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Preprint in English | bioRxiv | ID: ppbiorxiv-477789


The widespread SARS-CoV-2 in humans results in the continuous emergence of new variants. Recently emerged Omicron variant with multiple spike mutations sharply increases the risk of breakthrough infection or reinfection, highlighting the urgent need for new vaccines with broad-spectrum antigenic coverage. Using inter-lineage chimera and mutation patch strategies, we engineered a recombinant monomeric spike variant (STFK1628x), which showed high immunogenicity and mutually complementary antigenicity to its prototypic form (STFK). In hamsters, a bivalent vaccine comprised of STFK and STFK1628x elicited high titers of broad-spectrum antibodies to neutralize all 14 circulating SARS-CoV-2 variants, including Omicron; and fully protected vaccinees from intranasal SARS-CoV-2 challenges of either the ancestral strain or immune-evasive Beta variant. Strikingly, the vaccination of hamsters with the bivalent vaccine completely blocked the within-cage virus transmission to unvaccinated sentinels, for either the ancestral SARS-CoV-2 or Beta variant. Thus, our study provides new insights and antigen candidates for developing next-generation COVID-19 vaccines.

Preprint in English | bioRxiv | ID: ppbiorxiv-468472


Remarkable progress has been made in developing intramuscular vaccines against severe acute respiratory syndrome coronavirus 2 (SARS-CoV-2); however, they are limited with respect to eliciting local immunity in the respiratory tract, which is the primary infection site for SARS-CoV-2. To overcome the limitations of intramuscular vaccines, we constructed a nasal vaccine candidate based on an influenza vector by inserting a gene encoding the receptor-binding domain (RBD) of the spike protein of SARS-CoV-2, named CA4-dNS1-nCoV-RBD (dNS1-RBD). A preclinical study showed that in hamsters challenged 1 day and 7 days after single-dose vaccination or 6 months after booster vaccination, dNS1-RBD largely mitigated lung pathology, with no loss of body weight, caused by either the prototype-like strain or beta variant of SARS-CoV-2. Lasted data showed that the animals could be well protected against beta variant challenge 9 months after vaccination. Notably, the weight loss and lung pathological changes of hamsters could still be significantly reduced when the hamster was vaccinated 24 h after challenge. Moreover, such cellular immunity is relatively unimpaired for the most concerning SARS-CoV-2 variants. The protective immune mechanism of dNS1-RBD could be attributed to the innate immune response in the nasal epithelium, local RBD-specific T cell response in the lung, and RBD-specific IgA and IgG response. Thus, this study demonstrates that the intranasally delivered dNS1-RBD vaccine candidate may offer an important addition to fight against the ongoing COVID-19 pandemic, compensating limitations of current intramuscular vaccines, particularly at the start of an outbreak.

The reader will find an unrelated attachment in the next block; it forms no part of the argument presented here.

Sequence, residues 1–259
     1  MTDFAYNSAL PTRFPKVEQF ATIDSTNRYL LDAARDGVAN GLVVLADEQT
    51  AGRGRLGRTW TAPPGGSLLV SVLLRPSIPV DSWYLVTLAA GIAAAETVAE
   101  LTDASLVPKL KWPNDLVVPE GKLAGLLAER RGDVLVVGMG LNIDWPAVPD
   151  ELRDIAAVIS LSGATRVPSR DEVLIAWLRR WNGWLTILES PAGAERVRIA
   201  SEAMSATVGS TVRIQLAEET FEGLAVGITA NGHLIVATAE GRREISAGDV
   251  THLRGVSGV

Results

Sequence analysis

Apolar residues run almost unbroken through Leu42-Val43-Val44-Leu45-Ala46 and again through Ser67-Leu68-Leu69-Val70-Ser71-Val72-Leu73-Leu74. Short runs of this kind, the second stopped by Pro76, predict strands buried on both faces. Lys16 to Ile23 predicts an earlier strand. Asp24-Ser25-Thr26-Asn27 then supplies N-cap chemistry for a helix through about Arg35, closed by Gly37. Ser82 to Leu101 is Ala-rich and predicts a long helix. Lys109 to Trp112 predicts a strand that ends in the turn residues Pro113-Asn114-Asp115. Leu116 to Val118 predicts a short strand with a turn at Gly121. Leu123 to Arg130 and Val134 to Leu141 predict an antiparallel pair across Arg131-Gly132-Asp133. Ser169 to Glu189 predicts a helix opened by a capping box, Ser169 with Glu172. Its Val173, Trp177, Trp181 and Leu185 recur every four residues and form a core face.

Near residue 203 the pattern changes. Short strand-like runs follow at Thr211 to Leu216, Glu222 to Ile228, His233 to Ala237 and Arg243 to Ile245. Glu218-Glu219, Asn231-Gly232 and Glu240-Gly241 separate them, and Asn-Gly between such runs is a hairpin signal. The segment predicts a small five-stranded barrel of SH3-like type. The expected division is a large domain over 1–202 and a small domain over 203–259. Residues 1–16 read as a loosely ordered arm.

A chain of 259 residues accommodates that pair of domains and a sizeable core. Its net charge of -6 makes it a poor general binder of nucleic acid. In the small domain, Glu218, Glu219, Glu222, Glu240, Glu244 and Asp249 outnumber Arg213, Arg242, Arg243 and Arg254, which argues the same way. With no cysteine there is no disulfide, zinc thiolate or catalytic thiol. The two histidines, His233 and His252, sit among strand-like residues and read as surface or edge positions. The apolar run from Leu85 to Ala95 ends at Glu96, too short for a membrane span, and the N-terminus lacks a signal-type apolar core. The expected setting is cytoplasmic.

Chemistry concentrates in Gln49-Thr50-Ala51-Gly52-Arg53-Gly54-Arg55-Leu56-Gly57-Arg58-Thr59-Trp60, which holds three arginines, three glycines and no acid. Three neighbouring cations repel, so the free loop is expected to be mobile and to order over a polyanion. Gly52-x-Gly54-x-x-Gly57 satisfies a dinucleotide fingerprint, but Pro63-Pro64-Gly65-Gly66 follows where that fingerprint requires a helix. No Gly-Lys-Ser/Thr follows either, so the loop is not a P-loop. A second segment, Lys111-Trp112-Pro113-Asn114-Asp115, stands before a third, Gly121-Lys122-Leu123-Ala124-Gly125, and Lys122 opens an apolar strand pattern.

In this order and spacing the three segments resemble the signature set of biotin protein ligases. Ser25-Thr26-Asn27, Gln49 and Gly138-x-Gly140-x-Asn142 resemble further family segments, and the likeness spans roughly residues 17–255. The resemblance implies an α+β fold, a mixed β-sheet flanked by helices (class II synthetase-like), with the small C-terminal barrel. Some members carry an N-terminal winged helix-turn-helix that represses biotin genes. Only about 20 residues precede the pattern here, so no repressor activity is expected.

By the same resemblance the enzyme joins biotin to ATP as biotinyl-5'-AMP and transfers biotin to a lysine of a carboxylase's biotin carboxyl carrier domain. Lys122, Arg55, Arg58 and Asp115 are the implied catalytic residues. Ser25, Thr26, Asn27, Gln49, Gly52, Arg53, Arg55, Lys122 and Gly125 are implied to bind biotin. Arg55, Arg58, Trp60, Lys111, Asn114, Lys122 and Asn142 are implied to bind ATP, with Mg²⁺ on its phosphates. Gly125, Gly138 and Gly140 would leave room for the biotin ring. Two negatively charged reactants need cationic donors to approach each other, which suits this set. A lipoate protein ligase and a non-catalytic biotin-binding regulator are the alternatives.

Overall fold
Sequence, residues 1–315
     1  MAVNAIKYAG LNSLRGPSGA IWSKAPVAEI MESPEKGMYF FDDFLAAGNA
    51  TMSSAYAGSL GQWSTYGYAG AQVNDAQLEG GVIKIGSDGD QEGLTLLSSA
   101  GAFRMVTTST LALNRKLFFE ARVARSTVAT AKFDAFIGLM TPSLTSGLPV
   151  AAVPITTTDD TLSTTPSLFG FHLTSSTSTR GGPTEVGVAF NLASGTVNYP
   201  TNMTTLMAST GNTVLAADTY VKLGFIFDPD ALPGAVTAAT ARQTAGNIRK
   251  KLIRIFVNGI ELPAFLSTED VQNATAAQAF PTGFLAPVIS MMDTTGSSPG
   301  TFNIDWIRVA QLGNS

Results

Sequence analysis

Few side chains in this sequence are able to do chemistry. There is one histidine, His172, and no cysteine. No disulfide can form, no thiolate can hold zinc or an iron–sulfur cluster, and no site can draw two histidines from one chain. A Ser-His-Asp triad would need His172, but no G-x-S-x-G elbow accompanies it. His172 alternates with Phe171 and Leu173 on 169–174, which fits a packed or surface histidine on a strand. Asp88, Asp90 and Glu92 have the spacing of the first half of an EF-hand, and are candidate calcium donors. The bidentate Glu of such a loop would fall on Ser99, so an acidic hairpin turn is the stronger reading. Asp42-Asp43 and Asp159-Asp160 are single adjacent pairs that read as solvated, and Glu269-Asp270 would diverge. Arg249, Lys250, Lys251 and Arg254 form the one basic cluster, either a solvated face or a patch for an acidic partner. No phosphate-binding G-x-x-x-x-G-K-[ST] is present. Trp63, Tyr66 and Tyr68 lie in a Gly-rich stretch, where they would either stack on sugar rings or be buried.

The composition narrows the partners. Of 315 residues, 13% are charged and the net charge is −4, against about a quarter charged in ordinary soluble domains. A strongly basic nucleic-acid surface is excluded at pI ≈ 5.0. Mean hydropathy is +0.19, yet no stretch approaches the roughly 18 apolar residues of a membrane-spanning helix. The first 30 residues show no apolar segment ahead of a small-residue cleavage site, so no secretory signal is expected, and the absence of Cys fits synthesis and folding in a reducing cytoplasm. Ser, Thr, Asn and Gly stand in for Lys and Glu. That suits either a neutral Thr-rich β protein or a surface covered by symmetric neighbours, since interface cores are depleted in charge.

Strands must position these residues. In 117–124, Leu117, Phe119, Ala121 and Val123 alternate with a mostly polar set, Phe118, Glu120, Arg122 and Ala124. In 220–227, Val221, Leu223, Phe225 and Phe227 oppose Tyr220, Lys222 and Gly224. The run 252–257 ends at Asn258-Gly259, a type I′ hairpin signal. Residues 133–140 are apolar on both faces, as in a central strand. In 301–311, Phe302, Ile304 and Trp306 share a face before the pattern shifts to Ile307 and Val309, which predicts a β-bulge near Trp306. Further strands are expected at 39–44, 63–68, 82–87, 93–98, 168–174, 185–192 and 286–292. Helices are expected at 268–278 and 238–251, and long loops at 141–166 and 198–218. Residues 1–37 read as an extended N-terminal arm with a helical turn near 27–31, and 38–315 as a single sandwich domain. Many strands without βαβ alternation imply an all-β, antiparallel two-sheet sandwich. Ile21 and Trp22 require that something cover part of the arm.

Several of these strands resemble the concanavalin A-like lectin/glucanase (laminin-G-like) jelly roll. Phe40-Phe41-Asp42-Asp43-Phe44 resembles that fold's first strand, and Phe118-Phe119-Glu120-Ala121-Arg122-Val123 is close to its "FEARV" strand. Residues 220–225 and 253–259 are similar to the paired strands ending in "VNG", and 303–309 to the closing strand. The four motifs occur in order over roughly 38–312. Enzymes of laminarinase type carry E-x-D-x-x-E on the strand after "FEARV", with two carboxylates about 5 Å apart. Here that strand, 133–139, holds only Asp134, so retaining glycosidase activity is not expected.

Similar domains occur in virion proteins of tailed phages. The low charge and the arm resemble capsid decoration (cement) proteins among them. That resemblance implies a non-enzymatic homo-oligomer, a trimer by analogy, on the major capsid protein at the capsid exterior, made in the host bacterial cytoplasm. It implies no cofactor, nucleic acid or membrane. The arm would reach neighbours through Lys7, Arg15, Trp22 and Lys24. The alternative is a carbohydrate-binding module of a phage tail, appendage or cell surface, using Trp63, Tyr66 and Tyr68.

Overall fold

Preprint in English | bioRxiv | ID: ppbiorxiv-423552


A safe and effective SARS-CoV-2 vaccine is essential to avert the on-going COVID-19 pandemic. Here, we developed a subunit vaccine, which is comprised of CHO-expressed spike ectodomain protein (StriFK) and nitrogen bisphosphonates-modified zinc-aluminum hybrid adjuvant (FH002C). This vaccine candidate rapidly elicited the robust humoral response, Th1/Th2 balanced helper CD4 T cell and CD8 T cell immune response in animal models. In mice, hamsters, and non-human primates, 2-shot and 3-shot immunization of StriFK-FH002C generated 28- to 38-fold and 47- to 269-fold higher neutralizing antibody titers than the human COVID-19 convalescent plasmas, respectively. More importantly, the StriFK-FH002C immunization conferred sterilizing immunity to prevent SARS-CoV-2 infection and transmission, which also protected animals from virus-induced weight loss, COVID-19-like symptoms, and pneumonia in hamsters. Vaccine-induced neutralizing and cell-based receptor-blocking antibody titers correlated well with protective efficacy in hamsters, suggesting vaccine-elicited protection is immune-associated. The StriFK-FH002C provided a promising SARS-CoV-2 vaccine candidate for further clinical evaluation.

Preprint in English | bioRxiv | ID: ppbiorxiv-215236


The ongoing COVID-19 pandemic, caused by SARS-CoV-2 infection, has resulted in hundreds of thousands of deaths. Cellular entry of SARS-CoV-2, which is mediated by the viral spike protein and host ACE2 receptor, is an essential target for the development of vaccines, therapeutic antibodies, and drugs. Using a mammalian cell expression system, we generated a recombinant fluorescent protein (Gamillus)-fused SARS-CoV-2 spike trimer (STG) to probe the viral entry process. In ACE2-expressing cells, we found that the STG probe has excellent performance in the live-cell visualization of receptor binding, cellular uptake, and intracellular trafficking of SARS-CoV-2 under virus-free conditions. The new system allows quantitative analyses of the inhibition potentials and detailed influence of COVID-19-convalescent human plasmas, neutralizing antibodies and compounds, providing a versatile tool for high-throughput screening and phenotypic characterization of SARS-CoV-2 entry inhibitors. This approach may also be adapted to develop a viral entry visualization system for other viruses.